Rev. Dr. D.ana L. Goodnough​.

Fix Your Eyes On Jesus     

Egypt’s Eighteenth Dynasty

Sumer and the Land of Shinar 

Sardis in History and Prophecy 

Smyrna in History and Prophecy

Ephesus was a thriving metropolis in western Asia Minor in the first century. It also became a center of Christian expansion. However, by the end of the first century the church in Ephesus had lost much of its original spiritual passion. Jesus addressed the church in Ephesus as the first of seven churches of Asia Minor in the book of Revelation, pointing out this church’s flagging love for Him. The church at Ephesus serves as a warning for all Christians to fervently fire up their faith. 

 Civilization as we know it began in the ancient land of Sumer.  Sumer was located in the southeastern portion of the Fertile Crescent in the land of Mesopotamia.  Together with the region of Akkad bordering it on the north, Sumer became the seedbed of writing, law, formal education, and government.  It‟s legacy is still evident today.  It was the Sumerians who introduced the idea of measuring circles and angles by degrees.  They also take credit for the use of the wheel.  Many of the religious myths from Sumer sound remarkably similar to the Old Testament, including the creation of the world, the creation of man, and the worldwide Flood.  However, the Bible never mentions ancient Sumer.  Or does it?

Philadelphia in History and Prophecy

             Places, Cities and Countries

Ephesus in History and Prophecy

The church at Laodicea was the last of the seven churches addressed by Jesus Christ in Revelation 2-3. As the location of the “lukewarm” church, this city holds historical, biblical, and spiritual significance. It forever stands as a reminder to Christians to be fervent in their faith.

           A Journal Devoted to the Study of God's Word

Laodicea in History and Prophecy

Pergamum in History and Prophecy

The long history of Ancient Egypt is traditionally divided into a series of dynasties, or (generally speaking) reigns of families who filled the position of Pharaoh. The Eighteenth Dynasty holds special interest for many students of the Bible because it was likely the dynasty during which Moses came on the scene of human history and led the exodus of God’s people from bondage in Egypt. This dynasty is also interesting for historians because it includes Egypt’s greatest military pharaoh (Thutmose II), most colorful female leader (Hatshepsut), first monotheistic pharaoh (Akhenaten), and best known pharaoh (Tutankhamun).

What the Bible Teaches about Tithing

Pergamum, a city in western Asia Minor, was the location of the third church Jesus addressed in the opening chapters of Revelation. He warned the church about the dangers of spiritual compromise and described Pergamum as the place where Satan has his throne. Pergamum had a history of political and religious influence.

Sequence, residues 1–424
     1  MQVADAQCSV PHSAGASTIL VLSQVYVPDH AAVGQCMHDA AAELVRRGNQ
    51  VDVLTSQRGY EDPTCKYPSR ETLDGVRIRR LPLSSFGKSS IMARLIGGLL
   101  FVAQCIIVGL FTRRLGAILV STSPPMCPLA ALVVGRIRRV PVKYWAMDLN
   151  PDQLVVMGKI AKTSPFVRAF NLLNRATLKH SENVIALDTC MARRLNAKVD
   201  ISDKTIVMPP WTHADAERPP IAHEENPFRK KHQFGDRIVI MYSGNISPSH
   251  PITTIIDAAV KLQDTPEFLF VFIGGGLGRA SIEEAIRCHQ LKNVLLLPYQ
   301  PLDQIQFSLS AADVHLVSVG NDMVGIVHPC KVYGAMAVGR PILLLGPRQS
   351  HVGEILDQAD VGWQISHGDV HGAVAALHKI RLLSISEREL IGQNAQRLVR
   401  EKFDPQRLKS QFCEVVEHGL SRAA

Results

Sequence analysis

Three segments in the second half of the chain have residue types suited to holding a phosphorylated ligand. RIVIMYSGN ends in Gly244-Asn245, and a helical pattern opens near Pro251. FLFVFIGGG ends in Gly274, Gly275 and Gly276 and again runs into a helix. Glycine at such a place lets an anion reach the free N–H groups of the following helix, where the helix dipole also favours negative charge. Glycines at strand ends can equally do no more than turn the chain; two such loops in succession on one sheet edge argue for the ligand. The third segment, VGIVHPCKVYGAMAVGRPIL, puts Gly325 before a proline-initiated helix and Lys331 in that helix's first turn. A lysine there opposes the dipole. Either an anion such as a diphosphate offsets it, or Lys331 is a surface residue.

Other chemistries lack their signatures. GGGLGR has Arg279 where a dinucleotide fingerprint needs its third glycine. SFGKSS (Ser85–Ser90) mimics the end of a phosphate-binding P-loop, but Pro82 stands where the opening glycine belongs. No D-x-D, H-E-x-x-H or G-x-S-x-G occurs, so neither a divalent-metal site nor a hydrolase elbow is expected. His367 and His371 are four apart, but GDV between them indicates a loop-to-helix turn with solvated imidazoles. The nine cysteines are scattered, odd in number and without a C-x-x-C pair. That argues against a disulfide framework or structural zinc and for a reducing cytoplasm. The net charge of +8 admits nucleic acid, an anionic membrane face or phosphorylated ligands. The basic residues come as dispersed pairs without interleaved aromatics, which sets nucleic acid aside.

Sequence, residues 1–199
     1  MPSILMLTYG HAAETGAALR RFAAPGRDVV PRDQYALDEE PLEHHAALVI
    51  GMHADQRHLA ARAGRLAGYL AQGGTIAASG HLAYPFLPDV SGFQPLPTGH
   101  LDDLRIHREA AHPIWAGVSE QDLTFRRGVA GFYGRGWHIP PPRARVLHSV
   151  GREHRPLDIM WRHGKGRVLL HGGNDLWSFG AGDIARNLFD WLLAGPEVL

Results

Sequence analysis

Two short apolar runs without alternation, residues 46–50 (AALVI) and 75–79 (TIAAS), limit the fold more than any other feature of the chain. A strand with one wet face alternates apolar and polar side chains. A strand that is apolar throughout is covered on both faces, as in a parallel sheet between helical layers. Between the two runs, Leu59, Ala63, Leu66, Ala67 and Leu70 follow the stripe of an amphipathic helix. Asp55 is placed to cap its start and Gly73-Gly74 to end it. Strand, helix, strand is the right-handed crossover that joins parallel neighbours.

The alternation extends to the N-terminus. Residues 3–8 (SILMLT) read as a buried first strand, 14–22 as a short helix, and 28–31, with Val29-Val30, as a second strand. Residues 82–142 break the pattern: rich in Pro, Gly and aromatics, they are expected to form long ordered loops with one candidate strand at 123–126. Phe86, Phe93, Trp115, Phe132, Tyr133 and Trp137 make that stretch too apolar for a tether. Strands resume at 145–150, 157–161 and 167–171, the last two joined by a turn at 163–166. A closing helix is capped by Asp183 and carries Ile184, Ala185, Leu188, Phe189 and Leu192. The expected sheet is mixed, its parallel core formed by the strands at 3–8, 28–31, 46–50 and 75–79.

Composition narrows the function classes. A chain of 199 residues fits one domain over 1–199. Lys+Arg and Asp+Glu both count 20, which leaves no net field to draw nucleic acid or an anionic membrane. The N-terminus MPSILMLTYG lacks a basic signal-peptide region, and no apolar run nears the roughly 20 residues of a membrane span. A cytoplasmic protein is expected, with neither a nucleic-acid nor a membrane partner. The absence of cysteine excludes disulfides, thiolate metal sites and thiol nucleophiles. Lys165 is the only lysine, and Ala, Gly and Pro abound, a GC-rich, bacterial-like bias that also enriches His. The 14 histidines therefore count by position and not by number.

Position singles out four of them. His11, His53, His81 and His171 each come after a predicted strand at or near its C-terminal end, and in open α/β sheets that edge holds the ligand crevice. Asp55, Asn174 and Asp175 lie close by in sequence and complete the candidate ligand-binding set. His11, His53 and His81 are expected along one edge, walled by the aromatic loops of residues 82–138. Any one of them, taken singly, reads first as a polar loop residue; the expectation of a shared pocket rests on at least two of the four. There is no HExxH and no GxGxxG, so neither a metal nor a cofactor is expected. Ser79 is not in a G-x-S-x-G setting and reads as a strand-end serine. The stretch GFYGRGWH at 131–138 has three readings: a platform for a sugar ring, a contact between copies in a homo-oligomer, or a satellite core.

Jesus directed a message to the church in Philadelphia, a message of comfort and encouragement to this persecuted church (Revelation 3:7-13). Understanding the historical background to the city of Philadelphia sheds light on some of the words of Jesus’ message to this church. 

 Charitable giving is a privilege for the Christian.  The way in which we use our money often reflects our spiritual commitments.  Jesus said, “Where your treasure is, there your heart will be also” (Matthew 6:21).  One question about giving that Christians sometimes raise involves tithing.  “Are Christians obligated to tithe?” that is, to give ten percent of their income to God.  In order to answer this question, we must first examine the practice of tithing in the Old Testament and then compare this to the New Testament’s teaching about Christian giving.

Thyatira in History and Prophecy 

Mentioned only in the book of Revelation, the city of Smyrna possessed economic influence and wielded political clout in the region of western Turkey in the first century.  The church in Smyrna gained a reputation for resisting persecution.  Jesus addressed this church as one of the seven churches in Revelation 2-3, offering encouragement to the believers in that city without expressing any words of rebuke. The Christians in Smyrna were upright and faithful. 

 The ancient city of Sardis had a rich, yet tragic history.  Its only biblical mention is in the book of Revelation (1:11; 3:1, 4), where the church of that city is described as being dead in spite of its reputation for life.  Like the city itself, the church of Sardis seems to have put up a good front with too much self-confidence and too little substance. 

 Thyatira, the location of the fourth church addressed by Jesus in the book of Revelation, was by comparison to the others a less significant city, even though it receives the lengthiest message to the seven churches (Revelation 2:18-29).  Still, the message Jesus sent to the church in this city hints at some of the activities that were a part of the culture of Thyatira with a warning against spiritual compromise.